Sunday, October 18, 2020

North East Flyers - Cherry Ridge N30

The North East Flyers group posted a fly-in for October to the Cherry Ridge airport located just north east of one of my go to destinations KAVP Wilkes-Bare.  Cherry Ridge is located just outside of the Wilkes-Barre Terminal Radar Service Area (TRSA), the light grey boundary.
My day started off early, since I planned a stop at Wilmington, KILG to pick up Vince.  It's been quite a few years since we have flown together.  I was excited about having Vince fly with me, just like old times. 
I gave Vince a heads up to be on the Red Eagle ramp at 9:30.  I launched from Ocean City at 8:30, knowing I would be facing a 30kt headwind the whole way, not cool. I finished my run up and launched from runway three-two, enjoying the cool temps. I held my altitude to just three thousand not wanting to waste fuel climbing for the short flight. I had a true airspeed of 132 kts but with the headwind I was only managing 103 kts ground speed.

I had picked up flight following with Dover and once north of the Smyrna VOR (ENO) I cancelled and switched to Wilmington Tower to get that mental picture of traffic around the airport.  Wilmington directed me to enter a left base for three-two call 3 mile. I found this odd since there was a NOTAM noting the runway was closed. Upon further investigation when I landed I re-read it noting SS-SR, sun set to sun rise.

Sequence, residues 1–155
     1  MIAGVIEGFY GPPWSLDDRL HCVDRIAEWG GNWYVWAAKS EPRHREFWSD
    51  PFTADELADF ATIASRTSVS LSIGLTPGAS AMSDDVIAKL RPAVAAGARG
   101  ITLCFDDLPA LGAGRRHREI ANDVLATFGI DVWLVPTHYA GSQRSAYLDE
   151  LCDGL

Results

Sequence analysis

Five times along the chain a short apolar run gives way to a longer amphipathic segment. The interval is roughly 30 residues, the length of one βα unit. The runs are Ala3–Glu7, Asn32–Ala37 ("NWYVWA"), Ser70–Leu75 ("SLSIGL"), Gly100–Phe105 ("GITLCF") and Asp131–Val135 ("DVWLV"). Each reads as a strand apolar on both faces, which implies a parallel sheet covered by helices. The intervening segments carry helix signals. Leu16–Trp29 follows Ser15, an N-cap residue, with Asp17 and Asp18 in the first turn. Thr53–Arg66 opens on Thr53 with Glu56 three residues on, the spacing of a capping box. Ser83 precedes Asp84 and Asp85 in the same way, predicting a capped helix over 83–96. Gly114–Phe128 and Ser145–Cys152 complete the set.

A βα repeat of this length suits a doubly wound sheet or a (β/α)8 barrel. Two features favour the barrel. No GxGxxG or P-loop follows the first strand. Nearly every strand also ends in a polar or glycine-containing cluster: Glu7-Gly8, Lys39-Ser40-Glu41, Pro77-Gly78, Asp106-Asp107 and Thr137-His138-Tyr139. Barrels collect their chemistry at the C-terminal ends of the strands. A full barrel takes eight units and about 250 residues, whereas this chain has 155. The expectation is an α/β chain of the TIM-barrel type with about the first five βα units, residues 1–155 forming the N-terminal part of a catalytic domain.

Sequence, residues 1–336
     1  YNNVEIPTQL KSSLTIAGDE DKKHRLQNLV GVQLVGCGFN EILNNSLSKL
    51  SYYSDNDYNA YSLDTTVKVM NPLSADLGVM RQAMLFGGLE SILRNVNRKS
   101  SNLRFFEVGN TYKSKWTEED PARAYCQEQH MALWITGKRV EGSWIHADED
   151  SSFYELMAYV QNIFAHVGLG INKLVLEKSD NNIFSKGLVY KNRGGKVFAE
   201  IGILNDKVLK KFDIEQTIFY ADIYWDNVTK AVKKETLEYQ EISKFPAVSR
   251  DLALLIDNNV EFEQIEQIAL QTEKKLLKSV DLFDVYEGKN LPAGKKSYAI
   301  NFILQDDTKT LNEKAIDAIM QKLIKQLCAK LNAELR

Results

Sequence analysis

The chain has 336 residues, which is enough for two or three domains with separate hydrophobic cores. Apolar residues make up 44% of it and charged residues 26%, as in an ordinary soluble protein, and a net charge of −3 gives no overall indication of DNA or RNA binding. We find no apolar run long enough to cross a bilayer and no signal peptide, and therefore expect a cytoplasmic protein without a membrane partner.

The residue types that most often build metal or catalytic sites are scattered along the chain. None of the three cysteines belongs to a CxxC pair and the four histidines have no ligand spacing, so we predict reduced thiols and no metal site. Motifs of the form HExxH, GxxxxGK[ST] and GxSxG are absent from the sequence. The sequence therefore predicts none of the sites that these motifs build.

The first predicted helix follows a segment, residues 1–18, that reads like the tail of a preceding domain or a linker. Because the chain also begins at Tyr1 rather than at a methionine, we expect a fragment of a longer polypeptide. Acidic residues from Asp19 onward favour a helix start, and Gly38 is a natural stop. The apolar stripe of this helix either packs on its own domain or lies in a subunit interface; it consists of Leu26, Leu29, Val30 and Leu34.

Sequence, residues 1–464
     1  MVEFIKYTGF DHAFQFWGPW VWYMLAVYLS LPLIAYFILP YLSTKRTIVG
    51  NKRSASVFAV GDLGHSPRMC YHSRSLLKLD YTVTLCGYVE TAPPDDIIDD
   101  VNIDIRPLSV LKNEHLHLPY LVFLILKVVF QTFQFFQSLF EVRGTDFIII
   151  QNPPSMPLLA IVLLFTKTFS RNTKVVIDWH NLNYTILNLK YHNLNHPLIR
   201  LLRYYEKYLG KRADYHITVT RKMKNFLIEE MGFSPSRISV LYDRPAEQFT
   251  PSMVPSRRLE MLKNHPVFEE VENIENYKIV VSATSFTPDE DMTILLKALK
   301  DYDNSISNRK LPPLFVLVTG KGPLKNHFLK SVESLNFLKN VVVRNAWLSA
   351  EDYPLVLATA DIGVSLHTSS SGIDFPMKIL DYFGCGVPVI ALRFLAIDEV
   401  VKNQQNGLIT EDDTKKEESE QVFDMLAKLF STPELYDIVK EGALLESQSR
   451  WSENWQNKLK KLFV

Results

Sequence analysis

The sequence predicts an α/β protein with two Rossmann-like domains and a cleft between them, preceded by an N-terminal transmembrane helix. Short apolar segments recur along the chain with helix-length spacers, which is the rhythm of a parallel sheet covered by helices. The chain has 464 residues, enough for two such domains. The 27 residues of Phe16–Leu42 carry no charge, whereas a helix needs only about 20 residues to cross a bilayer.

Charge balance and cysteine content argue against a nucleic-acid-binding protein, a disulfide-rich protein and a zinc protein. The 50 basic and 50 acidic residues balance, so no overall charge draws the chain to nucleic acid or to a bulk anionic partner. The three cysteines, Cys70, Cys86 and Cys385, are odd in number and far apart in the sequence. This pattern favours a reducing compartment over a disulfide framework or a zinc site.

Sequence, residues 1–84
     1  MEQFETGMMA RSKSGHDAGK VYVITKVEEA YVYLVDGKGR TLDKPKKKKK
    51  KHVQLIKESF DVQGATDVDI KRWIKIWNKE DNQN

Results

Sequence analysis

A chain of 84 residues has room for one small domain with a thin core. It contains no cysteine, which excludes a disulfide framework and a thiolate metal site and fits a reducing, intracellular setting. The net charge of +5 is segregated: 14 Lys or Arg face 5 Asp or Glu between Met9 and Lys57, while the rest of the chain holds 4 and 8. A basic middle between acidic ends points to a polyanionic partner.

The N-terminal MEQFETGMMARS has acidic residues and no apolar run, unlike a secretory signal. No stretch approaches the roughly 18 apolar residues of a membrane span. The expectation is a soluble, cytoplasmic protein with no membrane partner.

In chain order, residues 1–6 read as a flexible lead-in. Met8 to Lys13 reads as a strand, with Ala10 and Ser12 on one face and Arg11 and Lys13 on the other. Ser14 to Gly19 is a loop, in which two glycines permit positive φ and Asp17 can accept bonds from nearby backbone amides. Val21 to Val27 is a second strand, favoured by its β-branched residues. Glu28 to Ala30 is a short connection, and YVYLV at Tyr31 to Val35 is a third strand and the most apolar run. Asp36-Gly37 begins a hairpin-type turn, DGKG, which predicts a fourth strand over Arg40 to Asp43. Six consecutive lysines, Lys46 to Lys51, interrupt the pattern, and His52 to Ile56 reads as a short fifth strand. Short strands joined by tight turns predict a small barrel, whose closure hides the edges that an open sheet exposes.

RWY 14/32 CLSD EXE XNG DLY SS-SR 9/30 - 10/31

Vince was waiting on the ramp and climbed aboard. We made a quick turn and contacted ground to taxi out. It was reminiscent of my departure days from red eagle, taxi via Kilo to Mike hold short. Once switched over to the tower 3 Tango Charlie made her run on two-seven and launched for our fly-in destination. 
Vince handled the radio work and despite not flying in a while he did a great job. Nothing like getting tossed back into the fire and having to work Philly's class Bravo. 
Vince and I each took pictures but nothing beats the live view of the brilliant colors of the leaves changing. Blue Mountain was gorgeous and all the small lakes along the way were surrounded by vibrant colors.  It was beautiful.
Sadly, I didn't have the video on when we landed at Cherry Ridge. Once on the ground and parking secured, Vince opened his door.  Brrr...the cold air rushed in, welcome to north east Pennsylvania's fall. 

One by one each plane found their way to the airport. Chris and his Warrior out of Rochester NY was the second to arrive.
Chris's Warrior